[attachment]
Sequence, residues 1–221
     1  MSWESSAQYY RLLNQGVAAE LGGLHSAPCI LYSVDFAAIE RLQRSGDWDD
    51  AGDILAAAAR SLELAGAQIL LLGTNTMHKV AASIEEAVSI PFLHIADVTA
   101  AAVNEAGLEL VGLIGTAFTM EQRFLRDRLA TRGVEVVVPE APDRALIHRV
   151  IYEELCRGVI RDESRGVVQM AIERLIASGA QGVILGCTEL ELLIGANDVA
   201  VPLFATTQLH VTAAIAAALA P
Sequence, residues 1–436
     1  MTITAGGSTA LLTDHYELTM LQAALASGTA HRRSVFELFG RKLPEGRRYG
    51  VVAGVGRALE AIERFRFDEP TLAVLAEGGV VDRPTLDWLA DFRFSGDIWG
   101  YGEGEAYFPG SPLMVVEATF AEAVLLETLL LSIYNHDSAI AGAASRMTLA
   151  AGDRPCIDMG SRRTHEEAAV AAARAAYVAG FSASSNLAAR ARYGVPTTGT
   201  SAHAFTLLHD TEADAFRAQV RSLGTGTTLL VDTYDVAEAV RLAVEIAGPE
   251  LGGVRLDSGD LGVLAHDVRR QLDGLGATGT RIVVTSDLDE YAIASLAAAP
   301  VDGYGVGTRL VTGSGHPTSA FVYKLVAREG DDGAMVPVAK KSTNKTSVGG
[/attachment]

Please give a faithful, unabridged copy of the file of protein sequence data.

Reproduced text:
Sequence, residues 1–221
     1  MSWESSAQYY RLLNQGVAAE LGGLHSAPCI LYSVDFAAIE RLQRSGDWDD
    51  AGDILAAAAR SLELAGAQIL LLGTNTMHKV AASIEEAVSI PFLHIADVTA
   101  AAVNEAGLEL VGLIGTAFTM EQRFLRDRLA TRGVEVVVPE APDRALIHRV
   151  IYEELCRGVI RDESRGVVQM AIERLIASGA QGVILGCTEL ELLIGANDVA
   201  VPLFATTQLH VTAAIAAALA P
Sequence, residues 1–436
     1  MTITAGGSTA LLTDHYELTM LQAALASGTA HRRSVFELFG RKLPEGRRYG
    51  VVAGVGRALE AIERFRFDEP TLAVLAEGGV VDRPTLDWLA DFRFSGDIWG
   101  YGEGEAYFPG SPLMVVEATF AEAVLLETLL LSIYNHDSAI AGAASRMTLA
   151  AGDRPCIDMG SRRTHEEAAV AAARAAYVAG FSASSNLAAR ARYGVPTTGT
   201  SAHAFTLLHD TEADAFRAQV RSLGTGTTLL VDTYDVAEAV RLAVEIAGPE
   251  LGGVRLDSGD LGVLAHDVRR QLDGLGATGT RIVVTSDLDE YAIASLAAAP
   301  VDGYGVGTRL VTGSGHPTSA FVYKLVAREG DDGAMVPVAK KSTNKTSVGG